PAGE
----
Through the Nethergate
Roberta Eaton Cheadle
Margaret, a girl born with second sight, has the unique ability to bring ghosts trapped between Heaven and Hell back to life. When her parents die suddenly, she goes to live with her beloved grandfather, but the cellar of her grandfather’s ancient inn is haunted by an evil spirit of its own. In the town of Bungay, a black dog wanders the streets, enslaving the ghosts of those who have died unnatural deaths. When Margaret arrives, these phantoms congregate at the inn, hoping she can free them from the clutches of Hugh Bigod, the 12th century ghost who has drawn them away from Heaven’s White Light in his canine guise. With the help of her grandfather and the spirits she has befriended, Margaret sets out to defeat Hugh Bigod, only to discover he wants to use her for his own ends – to take over Hell itself.
It is available from Lulu.com here: Lulu.com
It is also available from TSL Publications as a soft copy book here: TSL Publications
It will be available on Amazon in a few weeks’ time.
About the author
Robbie, short for Roberta, is an author with five published children’s picture books in the Sir Chocolate books series for children aged 2 to 9 years old (co-authored with her son, Michael Cheadle), one published middle grade book in the Silly Willy series and one published preteen/young adult fictionalised biography about her mother’s life as a young girl growing up in an English town in Suffolk during World War II called While the Bombs Fell (co-authored with her mother, Elsie Hancy Eaton).
All of Robbie’s children’s book are written under Robbie Cheadle and are published by TSL Publications. Robbie has recently branched into adult horror and supernatural writing and, in order to clearly differentiate her children’s books from her adult writing, these will be published under Roberta Eaton Cheadle. Robbie has two short stories in the horror/supernatural genre included in Dark Visions, a collection of 34 short stories by 27 different authors and edited by award winning author, Dan Alatorre. These short stories are published under Robbie Cheadle.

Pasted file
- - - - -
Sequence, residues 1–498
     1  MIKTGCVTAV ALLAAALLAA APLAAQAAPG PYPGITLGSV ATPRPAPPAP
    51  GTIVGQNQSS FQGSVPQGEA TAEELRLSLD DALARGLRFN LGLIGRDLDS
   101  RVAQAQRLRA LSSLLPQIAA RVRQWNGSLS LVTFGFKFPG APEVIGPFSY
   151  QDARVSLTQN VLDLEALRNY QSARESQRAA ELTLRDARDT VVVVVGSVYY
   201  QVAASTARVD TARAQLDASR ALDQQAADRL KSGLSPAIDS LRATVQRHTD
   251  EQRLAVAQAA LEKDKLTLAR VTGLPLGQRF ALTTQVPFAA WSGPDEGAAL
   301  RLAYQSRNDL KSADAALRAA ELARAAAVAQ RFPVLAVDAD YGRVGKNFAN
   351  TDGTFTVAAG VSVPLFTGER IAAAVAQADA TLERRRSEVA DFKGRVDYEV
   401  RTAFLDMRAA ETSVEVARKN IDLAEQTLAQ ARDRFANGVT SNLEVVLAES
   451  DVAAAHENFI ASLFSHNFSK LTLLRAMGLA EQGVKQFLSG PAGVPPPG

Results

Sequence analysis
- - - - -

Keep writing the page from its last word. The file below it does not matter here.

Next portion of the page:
Find and follow Roberta Eaton Cheadle
While the Bombs Fell
What was it like for children growing up in rural Suffolk during World War 2?
Elsie and her family live in a small double-storey cottage in Bungay, Suffolk. Every night she lies awake listening anxiously for the sound of the German bomber planes. Often they come and the air raid siren sounds signalling that the family must leave their beds and venture out to the air raid shelter in the garden.
Despite the war raging across the English channel, daily life continues with its highlights, such as Christmas and the traditional Boxing Day fox hunt, and its wary moments when Elsie learns the stories of Jack Frost and the ghostly and terrifying Black Shuck that haunts the coastline and countryside of East Anglia.
Includes some authentic World War 2 recipes.
Robbie also writes as Robbie Cheadle
The Sir Chocolate books are a delightful marriage of story, verse and cookery
… a perfect recipe for sharing with children. Silly Willy goes to Cape Town tells the adventures of two very different brothers…and includes five party cake ideas.
You can purchase the Sir Chocolate books from:
or you can buy them in South Africa directly from the authors by emailing Robbie Cheadle at firstname.lastname@example.org.